Cathelijne van der Marel and Renate de Groot Alfa Academy
Rituals Surrounding Coffee
The ritual of a coffee moment originates from the era of coffeeshops. Coffee was and is very popular, which resulted in a great number of people spending a lot of time in coffeeshops. When coffee became available to use at home, many people started to invite others to drink coffee at home. This became a ritual that has managed to withstand the test of time. Over time countries have formed their own unique rituals. In some countries coffee is a beverage that is exclusively drunk at breakfast, in other countries it is seen only as a refreshment and not to have with a meal. In 1714 the mayor of Amsterdam gifted a coffee plant to the French king which eventually led to the spread of coffee throughout the New World. After the introduction of coffee a need arose for specific products which could be used to serve coffee. Coffee pots were developed in various countries and were often seen as status symbols. In the eighteenth century coffee pots made of silver in the Louis XIV style became popular and a status symbol for the elite. After the eighteenth century coffee became available for the lower classes to serve at home. When this happened drinking coffee became a daily ritual among all layers of society.
In this brief vlog I discuss how we have responded as a research group to the challenges posed by COVID-19 and lockdown, and reflect on the historical relationship between pandemic, intoxicants, and public spaces. The film was shot in a safe and socially distanced manner on Devonshire Green and Division Street in Sheffield, and at Holy Cross Old Church in Whorlton, North Yorkshire.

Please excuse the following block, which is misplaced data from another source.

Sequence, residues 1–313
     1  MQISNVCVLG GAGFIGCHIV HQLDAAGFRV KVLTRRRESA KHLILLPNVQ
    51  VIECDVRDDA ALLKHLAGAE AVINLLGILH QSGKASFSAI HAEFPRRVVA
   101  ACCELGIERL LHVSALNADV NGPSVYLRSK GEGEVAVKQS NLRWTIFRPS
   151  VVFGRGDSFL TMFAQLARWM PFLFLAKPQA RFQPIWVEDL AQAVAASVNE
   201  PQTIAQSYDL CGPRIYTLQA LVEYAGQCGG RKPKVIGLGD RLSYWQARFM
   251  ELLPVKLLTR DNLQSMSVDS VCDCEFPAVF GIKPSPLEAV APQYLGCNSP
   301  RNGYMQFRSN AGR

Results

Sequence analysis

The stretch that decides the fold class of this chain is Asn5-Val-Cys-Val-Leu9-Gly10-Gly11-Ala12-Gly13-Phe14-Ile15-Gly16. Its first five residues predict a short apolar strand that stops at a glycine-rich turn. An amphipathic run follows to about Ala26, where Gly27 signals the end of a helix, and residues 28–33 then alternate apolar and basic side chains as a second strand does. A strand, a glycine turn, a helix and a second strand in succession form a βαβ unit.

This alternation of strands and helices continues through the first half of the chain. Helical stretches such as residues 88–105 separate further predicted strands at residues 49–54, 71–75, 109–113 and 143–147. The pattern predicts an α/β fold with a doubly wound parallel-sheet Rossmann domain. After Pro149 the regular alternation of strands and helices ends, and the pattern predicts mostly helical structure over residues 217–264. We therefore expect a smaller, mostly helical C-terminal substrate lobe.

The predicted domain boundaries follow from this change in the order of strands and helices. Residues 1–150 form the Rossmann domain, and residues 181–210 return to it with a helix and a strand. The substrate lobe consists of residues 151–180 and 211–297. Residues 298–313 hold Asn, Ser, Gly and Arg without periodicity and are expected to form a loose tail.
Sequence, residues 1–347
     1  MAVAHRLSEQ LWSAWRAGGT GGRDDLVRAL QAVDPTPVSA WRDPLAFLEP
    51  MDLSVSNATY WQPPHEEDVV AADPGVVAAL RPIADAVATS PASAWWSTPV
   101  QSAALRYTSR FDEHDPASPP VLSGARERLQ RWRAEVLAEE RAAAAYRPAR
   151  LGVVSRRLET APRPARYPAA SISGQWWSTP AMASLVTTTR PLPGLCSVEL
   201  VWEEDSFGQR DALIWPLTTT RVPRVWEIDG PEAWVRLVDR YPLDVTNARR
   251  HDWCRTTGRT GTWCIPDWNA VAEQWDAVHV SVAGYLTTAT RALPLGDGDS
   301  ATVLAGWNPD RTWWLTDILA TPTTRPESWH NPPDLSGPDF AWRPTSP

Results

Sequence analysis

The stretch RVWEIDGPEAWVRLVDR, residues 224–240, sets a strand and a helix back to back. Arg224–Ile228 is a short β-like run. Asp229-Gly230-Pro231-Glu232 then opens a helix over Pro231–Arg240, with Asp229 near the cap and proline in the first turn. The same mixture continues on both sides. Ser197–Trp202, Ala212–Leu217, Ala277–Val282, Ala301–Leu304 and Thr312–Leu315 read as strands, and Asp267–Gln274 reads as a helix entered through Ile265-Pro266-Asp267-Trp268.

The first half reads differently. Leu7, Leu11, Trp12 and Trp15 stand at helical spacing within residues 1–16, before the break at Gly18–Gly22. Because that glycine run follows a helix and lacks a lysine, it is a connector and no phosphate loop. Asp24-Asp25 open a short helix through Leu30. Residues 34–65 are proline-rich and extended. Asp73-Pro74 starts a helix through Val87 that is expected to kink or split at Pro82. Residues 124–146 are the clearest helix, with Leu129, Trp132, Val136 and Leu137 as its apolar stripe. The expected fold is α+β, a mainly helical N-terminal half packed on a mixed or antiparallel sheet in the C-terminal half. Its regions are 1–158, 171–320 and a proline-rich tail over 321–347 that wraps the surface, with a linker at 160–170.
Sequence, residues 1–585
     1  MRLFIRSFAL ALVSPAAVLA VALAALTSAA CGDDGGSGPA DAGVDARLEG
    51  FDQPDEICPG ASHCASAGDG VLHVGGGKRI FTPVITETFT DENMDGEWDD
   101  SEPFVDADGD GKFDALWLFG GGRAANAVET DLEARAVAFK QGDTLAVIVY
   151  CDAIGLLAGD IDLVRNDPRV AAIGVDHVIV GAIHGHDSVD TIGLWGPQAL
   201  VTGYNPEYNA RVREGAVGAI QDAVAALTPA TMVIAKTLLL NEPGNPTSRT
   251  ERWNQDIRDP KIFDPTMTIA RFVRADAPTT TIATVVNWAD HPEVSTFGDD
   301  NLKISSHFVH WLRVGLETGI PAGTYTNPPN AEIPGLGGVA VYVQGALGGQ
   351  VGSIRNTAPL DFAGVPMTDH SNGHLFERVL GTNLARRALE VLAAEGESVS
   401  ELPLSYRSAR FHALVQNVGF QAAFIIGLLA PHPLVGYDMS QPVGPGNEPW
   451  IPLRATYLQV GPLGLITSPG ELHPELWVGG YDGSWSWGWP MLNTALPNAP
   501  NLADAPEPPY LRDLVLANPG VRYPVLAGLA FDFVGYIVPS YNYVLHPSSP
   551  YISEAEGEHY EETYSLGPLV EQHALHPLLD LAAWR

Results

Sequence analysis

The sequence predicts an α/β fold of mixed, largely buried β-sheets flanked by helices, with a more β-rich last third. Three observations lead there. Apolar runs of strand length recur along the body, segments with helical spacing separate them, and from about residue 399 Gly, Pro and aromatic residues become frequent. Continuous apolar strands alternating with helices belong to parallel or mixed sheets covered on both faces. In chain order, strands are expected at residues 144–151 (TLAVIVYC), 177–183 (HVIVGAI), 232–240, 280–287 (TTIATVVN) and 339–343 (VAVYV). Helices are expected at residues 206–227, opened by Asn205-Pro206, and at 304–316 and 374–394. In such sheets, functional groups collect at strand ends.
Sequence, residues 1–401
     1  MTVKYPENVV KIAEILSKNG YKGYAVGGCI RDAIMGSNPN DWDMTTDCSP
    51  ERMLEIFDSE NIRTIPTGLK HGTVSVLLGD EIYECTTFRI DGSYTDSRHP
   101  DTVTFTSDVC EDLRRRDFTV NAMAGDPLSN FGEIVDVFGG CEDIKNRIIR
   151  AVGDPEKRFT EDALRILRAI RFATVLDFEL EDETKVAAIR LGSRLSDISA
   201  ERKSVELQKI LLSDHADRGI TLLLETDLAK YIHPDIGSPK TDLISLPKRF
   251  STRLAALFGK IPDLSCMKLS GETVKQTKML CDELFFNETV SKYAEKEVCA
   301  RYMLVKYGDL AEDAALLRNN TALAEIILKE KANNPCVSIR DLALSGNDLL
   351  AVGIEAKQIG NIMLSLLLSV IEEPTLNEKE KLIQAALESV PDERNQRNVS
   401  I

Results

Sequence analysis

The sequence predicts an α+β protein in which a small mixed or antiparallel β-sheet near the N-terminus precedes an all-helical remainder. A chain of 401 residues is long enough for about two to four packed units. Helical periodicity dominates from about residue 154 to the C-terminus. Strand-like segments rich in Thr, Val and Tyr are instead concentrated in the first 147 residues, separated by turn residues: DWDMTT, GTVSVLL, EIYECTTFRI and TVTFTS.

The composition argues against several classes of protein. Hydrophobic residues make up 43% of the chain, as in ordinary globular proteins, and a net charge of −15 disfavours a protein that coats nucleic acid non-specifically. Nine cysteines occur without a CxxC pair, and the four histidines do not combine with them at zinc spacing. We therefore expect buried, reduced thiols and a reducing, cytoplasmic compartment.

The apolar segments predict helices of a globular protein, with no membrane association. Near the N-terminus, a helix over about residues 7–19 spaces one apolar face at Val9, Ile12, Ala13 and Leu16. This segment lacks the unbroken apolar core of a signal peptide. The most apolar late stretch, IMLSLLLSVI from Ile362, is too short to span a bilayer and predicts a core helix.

At 9pm on 24 November 1793, two policemen called Dickman and Bergström arrested an unknown man on the Högbergsgatan for smoking tobacco and being drunk. Called to the police chamber in Stockholm the following day, the man was fined five riksdaler, and his identity was established as John Carl Åman, a journeyman shoemaker.
In several Dutch books, plays, and poems written between the seventeenth and nineteenth centuries, coffeehouses are portrayed as spaces in which rational and civilised conversation took place. According to these texts, the people (more specifically, men) who visited these spaces did so to study, write, and discuss politics. This, we are told, encouraged them to be more civil and well-mannered, which in turn promoted the adoption of these qualities and behaviours across society as a whole. What we see here is the so-called ‘verburgerlijkingshypothese’ – or, in English, the ‘civilisation hypothesis’ – in all its glory. However, because these cultural processes are described in fictitious works, they don’t necessarily conform to reality ‘on the ground’. To find out what really went on in the coffeehouses of eighteenth-century Amsterdam, I did some research in the notarial records of the Amsterdam City Archive, a wide range of judicial documents prepared by the city’s legal scribes. And that’s where it gets interesting…